Each side has accused the other of exploiting the tragedy to revive ideas it could not advance otherwise. Yet they also believe the rebuilding effort probably will provide the most-powerful engine to advance domestic-policy initiatives through at least 2008.

"Both sides of the spectrum are really going to use the opportunity provided by Katrina to really begin to test some ideas that they otherwise couldn't test," said Leon Panetta, President Clinton's former chief of staff.

Thinking creatively

In some instances, advocates appear to be stretching to attach their ideas to the reconstruction challenge. The liberal Campaign for America's Future recently declared that Congress "should repeal the recently passed bankruptcy bill to help families struggling with disasters."

Similarly, the libertarian Cato Institute said the images of destitution in New Orleans demonstrated the need for Bush's plan to create private-investment accounts under Social Security because "asset accumulation plays a vital role in escaping poverty."

Most proposals in the hurricane's aftermath, however, seem to blend a genuine attempt to think creatively about the response with a desire to establish precedents that could shape national policies later on.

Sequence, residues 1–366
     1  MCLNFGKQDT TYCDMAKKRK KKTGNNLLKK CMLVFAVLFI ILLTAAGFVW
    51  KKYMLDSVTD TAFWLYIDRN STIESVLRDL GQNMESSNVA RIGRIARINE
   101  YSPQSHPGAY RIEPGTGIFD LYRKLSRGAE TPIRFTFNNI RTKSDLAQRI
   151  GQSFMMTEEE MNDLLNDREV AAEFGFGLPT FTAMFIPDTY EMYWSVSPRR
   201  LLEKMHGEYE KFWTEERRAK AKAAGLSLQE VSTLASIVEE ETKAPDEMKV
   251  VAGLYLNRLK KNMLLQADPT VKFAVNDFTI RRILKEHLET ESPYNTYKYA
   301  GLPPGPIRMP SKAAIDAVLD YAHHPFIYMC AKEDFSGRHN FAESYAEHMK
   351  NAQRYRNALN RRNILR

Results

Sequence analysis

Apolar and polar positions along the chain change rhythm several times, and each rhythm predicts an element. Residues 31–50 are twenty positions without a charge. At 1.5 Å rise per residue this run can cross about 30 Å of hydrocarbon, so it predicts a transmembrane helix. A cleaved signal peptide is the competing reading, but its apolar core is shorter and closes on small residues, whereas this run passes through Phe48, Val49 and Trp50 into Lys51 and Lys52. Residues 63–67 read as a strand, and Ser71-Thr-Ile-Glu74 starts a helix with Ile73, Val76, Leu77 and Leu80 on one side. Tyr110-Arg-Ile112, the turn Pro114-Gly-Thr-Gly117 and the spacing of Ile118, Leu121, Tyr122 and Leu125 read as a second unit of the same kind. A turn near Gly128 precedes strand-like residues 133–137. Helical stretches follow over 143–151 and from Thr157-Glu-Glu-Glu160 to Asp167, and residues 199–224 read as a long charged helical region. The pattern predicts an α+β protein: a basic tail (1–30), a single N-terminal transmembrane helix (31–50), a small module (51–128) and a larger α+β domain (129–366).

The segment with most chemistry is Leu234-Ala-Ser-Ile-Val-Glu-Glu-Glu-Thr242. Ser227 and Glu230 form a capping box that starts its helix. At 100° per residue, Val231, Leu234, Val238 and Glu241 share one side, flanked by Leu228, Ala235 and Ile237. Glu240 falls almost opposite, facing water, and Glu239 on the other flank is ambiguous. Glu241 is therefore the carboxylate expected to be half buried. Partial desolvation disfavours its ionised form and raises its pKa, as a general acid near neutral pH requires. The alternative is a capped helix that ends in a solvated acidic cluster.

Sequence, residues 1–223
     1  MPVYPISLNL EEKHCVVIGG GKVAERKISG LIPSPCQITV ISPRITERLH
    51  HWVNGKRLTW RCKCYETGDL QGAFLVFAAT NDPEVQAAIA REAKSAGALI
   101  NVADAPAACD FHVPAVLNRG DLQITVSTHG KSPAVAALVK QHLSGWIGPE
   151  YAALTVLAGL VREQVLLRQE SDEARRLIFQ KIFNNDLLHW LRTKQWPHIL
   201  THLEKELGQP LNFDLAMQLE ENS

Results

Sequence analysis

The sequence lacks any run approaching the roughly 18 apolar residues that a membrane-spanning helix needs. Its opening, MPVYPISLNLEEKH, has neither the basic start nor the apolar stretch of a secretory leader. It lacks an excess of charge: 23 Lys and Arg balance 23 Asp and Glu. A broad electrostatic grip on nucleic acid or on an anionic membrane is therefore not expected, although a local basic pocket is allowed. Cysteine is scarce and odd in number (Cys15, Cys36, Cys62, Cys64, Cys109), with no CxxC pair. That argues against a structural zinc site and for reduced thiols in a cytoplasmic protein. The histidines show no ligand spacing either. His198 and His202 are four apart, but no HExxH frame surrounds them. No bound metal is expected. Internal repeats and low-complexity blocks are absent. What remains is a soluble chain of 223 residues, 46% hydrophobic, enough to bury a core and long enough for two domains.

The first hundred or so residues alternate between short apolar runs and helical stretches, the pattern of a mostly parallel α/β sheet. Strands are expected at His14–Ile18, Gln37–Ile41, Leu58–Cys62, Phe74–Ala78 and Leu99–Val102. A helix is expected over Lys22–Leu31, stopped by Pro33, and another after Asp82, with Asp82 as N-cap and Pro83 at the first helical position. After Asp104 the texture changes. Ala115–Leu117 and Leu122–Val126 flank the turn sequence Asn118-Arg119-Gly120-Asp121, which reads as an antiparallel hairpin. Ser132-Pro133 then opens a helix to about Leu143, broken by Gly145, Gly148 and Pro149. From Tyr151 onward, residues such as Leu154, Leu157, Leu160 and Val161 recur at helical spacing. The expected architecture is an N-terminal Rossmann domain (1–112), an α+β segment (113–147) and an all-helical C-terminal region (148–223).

Republicans have emphasized the long-standing party goals of reducing taxes and regulation, as well as Bush's new priority of promoting more ownership opportunities for the public. The plan Bush unveiled earlier this month centered on a "Gulf Opportunity Zone" to promote economic recovery through tax breaks for employers. He also proposed an "Urban Homesteading" plan that would allow poor families to build homes on vacant federal properties — a new twist on the homeownership initiatives that have been a hallmark of his domestic agenda.

The Bush plan advanced another venerable Republican goal by proposing that families displaced by the hurricane could use education aid to pay for private, as well as public, schools.

Republicans familiar with White House thinking say Bush eventually might offer more details in some of these areas, particularly combating poverty. In the meantime, many conservatives want to push further.

Gingrich, the former GOP House speaker, has urged big tax cuts to spur investments and the appointment of an "entrepreneurial public manager" to direct planing and "cut red tape."

On Wednesday, The Wall Street Journal editorial page proposed centering the recovery plan on even-larger tax reductions. "Why not allow the Gulf to operate as a laboratory for a flat tax, with an 18 percent [income tax] rate and no taxes whatsoever on capital investment for businesses — small and large?" the Journal wrote.